Issue Date: October 7, 2013 | Web Date: October 4, 2013
Catalyst Calls The Shots
Chemists have developed a new catalyst that accelerates oxidation of C–H bonds selectively in nonaromatic compounds such as terpenes, rather than relying on the inherent properties of the reactant molecules. The catalyst could boost the versatility with which organic compounds can be synthesized for drug discovery and other applications.
“C–H functionalization is becoming a more important synthetic methodology for drug discovery by expanding options for late-stage lead diversification,” says Pfizer researcher Mark C. Noe, who was not involved with the work. “This new methodology enables late-stage oxidative functionalization at sites that were previously inaccessible by known C–H functionalization methods.”
Several years ago, M. Christina White of the University of Illinois, Urbana-Champaign, and coworkers discovered an inexpensive iron-based catalyst with enzymelike capabilities (C&EN, Nov. 5, 2007, page 8). The catalyst, called Fe(PDP), oxidizes specific C–H bonds in aliphatic compounds with several such bonds. This type of selectivity is difficult to achieve: C–H bonds are strong and relatively unreactive, and their ubiquity in organic molecules makes them difficult for catalysts to distinguish.
A drawback of Fe(PDP) is that it has no control over the site to be oxidized—subtle property differences between reactant molecule C–H sites control site selectivity. For example, the C–H bond that is most electron-rich, less hindered sterically, or experiences the greatest strain tends to get the attention from the catalyst instead of other C–H bonds in the same substrate molecule.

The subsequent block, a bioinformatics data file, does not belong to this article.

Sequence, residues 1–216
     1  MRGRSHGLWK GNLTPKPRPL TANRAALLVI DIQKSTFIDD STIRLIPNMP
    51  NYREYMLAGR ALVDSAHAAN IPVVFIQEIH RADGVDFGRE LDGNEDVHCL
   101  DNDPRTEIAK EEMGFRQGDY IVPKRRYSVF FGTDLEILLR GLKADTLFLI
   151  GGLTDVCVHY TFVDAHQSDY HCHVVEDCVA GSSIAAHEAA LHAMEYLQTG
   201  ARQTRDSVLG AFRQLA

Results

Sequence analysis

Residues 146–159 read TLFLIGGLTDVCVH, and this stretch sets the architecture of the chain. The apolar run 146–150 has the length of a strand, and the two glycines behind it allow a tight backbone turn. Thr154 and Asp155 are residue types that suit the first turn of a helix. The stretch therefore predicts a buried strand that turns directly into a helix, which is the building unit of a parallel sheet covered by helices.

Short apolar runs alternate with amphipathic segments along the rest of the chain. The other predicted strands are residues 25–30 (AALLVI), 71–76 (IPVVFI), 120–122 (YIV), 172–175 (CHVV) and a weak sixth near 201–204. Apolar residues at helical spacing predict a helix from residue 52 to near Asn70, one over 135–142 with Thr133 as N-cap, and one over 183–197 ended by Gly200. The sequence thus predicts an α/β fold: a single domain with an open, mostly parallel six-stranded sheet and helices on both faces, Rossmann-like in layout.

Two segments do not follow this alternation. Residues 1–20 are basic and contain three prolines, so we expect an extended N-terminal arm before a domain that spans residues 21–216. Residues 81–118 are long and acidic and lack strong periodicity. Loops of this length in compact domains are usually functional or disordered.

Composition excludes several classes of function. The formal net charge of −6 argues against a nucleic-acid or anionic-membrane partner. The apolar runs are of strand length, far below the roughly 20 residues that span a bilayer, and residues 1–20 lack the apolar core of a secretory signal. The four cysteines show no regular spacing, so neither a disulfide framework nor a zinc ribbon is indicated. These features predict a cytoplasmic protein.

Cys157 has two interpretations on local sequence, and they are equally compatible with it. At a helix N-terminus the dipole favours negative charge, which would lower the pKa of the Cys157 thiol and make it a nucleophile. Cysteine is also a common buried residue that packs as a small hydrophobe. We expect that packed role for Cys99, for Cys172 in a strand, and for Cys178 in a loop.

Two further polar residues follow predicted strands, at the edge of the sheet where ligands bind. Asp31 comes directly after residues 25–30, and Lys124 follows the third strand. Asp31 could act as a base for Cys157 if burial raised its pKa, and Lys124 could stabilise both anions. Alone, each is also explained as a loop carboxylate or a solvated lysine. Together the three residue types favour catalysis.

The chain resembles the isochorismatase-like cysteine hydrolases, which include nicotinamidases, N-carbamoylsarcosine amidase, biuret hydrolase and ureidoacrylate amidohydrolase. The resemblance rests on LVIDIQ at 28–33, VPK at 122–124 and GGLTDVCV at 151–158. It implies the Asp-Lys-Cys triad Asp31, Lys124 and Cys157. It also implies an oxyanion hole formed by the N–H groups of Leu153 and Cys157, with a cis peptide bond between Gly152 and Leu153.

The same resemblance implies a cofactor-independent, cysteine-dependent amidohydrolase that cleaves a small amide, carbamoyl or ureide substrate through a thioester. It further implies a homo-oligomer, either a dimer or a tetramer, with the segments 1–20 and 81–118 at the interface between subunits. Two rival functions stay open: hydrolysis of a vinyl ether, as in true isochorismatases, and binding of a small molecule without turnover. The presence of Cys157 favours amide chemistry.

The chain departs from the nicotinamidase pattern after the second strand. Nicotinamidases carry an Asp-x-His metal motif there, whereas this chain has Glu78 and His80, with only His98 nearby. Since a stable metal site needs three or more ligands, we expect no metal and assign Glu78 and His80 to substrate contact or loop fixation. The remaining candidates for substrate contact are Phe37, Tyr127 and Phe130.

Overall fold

By tweaking Fe(PDP)’s structure with four trifluoromethyl groups, White and coworkers have now produced a catalyst that shows substrates who’s boss (J. Am. Chem. Soc. 2013, DOI: 10.1021/ja407388y). The added groups block substrate access to the catalyst’s iron-based active site so only specific C–H bonds conforming to the catalyst’s nonnegotiable steric and electronic demands get oxidized there.
The researchers showed that Fe(CF3-PDP) oxidizes the antimalarial drug artemisinin and other substrates at C–H bonds that were before inaccessible to chemical oxidation. The catalyst’s reactivity is modest, but White hopes to solve that issue in future work.
- Chemical & Engineering News
- ISSN 0009-2347
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